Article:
Supreme Court: Religious Discrimination OK For World Vision


Sometimes the Supreme Court makes news not in the cases it agrees to hear, but in those it chooses not hear.

That’s what happened at the start of the 2011 term when the court refused to take up the appeal of three former World Vision employees who had been fired in 2007 because they did not agree with World Vision’s U.S. statement of faith, which World Vision says is a condition of employment.

The nonprofit is the largest in the state of Washington has the right to hire or dismiss employees based on their religious affiliation. The Supreme Court, in refusing to hear the case, upheld the 9th Circuit Court of Appeals which held that World Vision qualifies as a faith-based humanitarian organization and is exempt from the Civil Rights Act.

“Our Christian faith has been the foundation of our work since the organization was established in 1950, and our hiring policy is vital to the integrity of our mission to serve the poor as followers of Jesus Christ,” said Richard Stearns, World Vision U.S. president, in a statement.

“Today’s action by the US Supreme Court represents a major victory for the freedom of all religious organisations to hire employees who share the same faith – whether Muslim, Buddhist, Jewish, Christian, or any other religion,”  Stearns said.

World Vision employees approximately 30,000 people around the world.


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Photo from steakpinball via flickr.


Thomas A.
Thomas A6 years ago

Well, the Catholic Church is free to deny communion to anyone non-Catholic, even their own kind if they don't meet sufficient criteria. Why would this be any different? If it is a religious organization, and non-profit, and the law provides for that, then I guess they are free to do that.

This is a big discrepancy with freedom of speech, freedom of religion and freedom from discrimination - when are organizations practicing their faith, and when are they discriminating?

That is something the Court should have heard, unless the legal precedent to date is pretty clear already (I have no idea if it is or not).

antonia maestre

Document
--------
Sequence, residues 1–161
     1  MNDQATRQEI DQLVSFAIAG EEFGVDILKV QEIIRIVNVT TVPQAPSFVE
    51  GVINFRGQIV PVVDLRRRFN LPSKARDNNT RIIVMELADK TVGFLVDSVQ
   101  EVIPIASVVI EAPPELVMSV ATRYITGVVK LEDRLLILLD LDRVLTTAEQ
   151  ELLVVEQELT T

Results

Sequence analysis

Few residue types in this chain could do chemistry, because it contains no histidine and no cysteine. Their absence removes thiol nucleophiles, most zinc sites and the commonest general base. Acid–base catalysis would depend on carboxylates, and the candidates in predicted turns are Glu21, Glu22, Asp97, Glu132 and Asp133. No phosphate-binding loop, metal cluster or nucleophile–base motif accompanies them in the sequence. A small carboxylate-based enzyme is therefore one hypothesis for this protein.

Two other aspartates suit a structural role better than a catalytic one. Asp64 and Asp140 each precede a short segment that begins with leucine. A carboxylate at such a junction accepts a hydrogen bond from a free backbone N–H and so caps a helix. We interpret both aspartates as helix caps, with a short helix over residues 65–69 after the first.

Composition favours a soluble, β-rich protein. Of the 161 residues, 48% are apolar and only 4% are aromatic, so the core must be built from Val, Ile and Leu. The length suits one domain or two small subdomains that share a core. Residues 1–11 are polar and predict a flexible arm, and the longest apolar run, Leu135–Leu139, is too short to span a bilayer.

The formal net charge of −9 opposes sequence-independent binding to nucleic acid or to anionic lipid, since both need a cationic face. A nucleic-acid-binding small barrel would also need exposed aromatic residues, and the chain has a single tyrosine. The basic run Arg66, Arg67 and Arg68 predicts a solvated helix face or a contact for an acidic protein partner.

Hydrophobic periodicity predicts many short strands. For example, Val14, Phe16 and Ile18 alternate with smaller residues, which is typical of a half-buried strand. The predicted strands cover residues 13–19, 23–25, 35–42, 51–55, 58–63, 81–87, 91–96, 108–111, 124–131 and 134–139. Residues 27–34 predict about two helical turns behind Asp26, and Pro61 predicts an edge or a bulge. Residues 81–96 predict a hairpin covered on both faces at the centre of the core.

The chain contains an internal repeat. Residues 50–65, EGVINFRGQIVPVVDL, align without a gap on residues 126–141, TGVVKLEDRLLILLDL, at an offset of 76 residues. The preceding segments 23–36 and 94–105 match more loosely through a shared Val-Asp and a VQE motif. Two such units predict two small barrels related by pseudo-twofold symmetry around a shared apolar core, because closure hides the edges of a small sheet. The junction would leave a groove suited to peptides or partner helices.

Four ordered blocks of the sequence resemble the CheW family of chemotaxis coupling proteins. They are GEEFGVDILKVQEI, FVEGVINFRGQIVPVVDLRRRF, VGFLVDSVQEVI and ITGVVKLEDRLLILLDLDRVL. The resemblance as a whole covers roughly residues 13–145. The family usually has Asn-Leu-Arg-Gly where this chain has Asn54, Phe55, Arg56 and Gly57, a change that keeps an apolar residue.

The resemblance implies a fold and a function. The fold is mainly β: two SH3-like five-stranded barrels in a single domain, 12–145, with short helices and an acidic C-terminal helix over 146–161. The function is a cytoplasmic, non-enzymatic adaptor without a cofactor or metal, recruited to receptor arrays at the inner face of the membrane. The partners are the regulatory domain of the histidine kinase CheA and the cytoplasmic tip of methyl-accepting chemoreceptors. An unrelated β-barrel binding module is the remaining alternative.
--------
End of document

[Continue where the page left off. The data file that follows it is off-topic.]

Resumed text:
antonia maestre6 years ago

"When it is a question of money, everybody is of the same religion."

Marie W.
Marie W6 years ago

If an organization states up front it is religious and it is a church or nonprofit that's one thing- but if its a business then NO this is not right.

Jim Gayden
Jim Gayden6 years ago

Steve R advocates discrimination. If you want to feed the masses, don't give them rice. Better to teach them how to grow rice. If you want to work for an auto manufacturer, but don't have the skills, should you just give up? If you want to become spiritual, but don't want to limit your spirituality to Christianity, should you just not become spiritual? Or should you just become another Christian clone that lacks the enlightenment of true sprituality?

Jim Gayden
Jim Gayden6 years ago

Lindsey D. Don't most religions follow their own version of a book that was inspired by their "god"? If so, then they are all basically the same. If not, then they are being hypocritical. If they can't follow the teachings of their own deity, then what is the purpose of following that religion? In my opinion, most religious people don't take responsibility for their own actions, because their deity will forgive them, if they believe in that deity. It enables them to justify what atrocities they advocate! All they have to do is pray for forgiveness. Take responsibility, and do the right thing, simply because it's the right thing to do. Then you can learn to forgive yourself, and not be so judgemental of others. The Goodwill has/had a CEO that makes millions. Your other examples probably have similar CEO's. And why shouldn't Dem's and Rep's try to figure out what is best for all, rather than the Dem. making the sacrifice, just so the Rep. can look at him as being weak, and stab him in the back. Religions should not be exclusive. They should at the very least try to be inclusive to at least make them appear to not be hypocrits.

Ray M.
Ray M6 years ago

Shameful. I don't believe religious organizations should be exempt from anything including clvil rights or taxes. Everyone, including non profits who live and do business in America should be subject to same laws we, the people are subjected to. They've gotten away with this for too long. it's time to pony up.

Patrick F.
Patrick f6 years ago

So if World Vision is a charity and they also are devout Christians, how much money do they spend on aid and how much do they spend on spreading Christianity?

Nicholas Rudolph
Nicholas Rudolph6 years ago

This is another example of the Theocracy that the pro-republican, unethical supreme court is trying to force one the American people. I happen to be christian, but I sure don't want anyone saying that I have to be christian to be able to work. I think the Worldvision non-profit status should be re-evaluated as they are obviously are generating huge profits that are going into executive bonuses and payouts to politicians to get this kind of issue to disappear.

Lindsey DTSW
.6 years ago

Actually, Phil, World Vision's financials show that for 2010, 85% of their monies go go towards their charitable programs (only 5% goes to management). And they're well rated.

Carole H.
Carole H6 years ago

Good point Phil W. that was something that bothered me too - why should a family whose son had sponsorship to the tune of at least say 50 US dollars a month(I paid in UK pounds) have to move to another village anyway? and lose that sponsorship always thought that was suspect.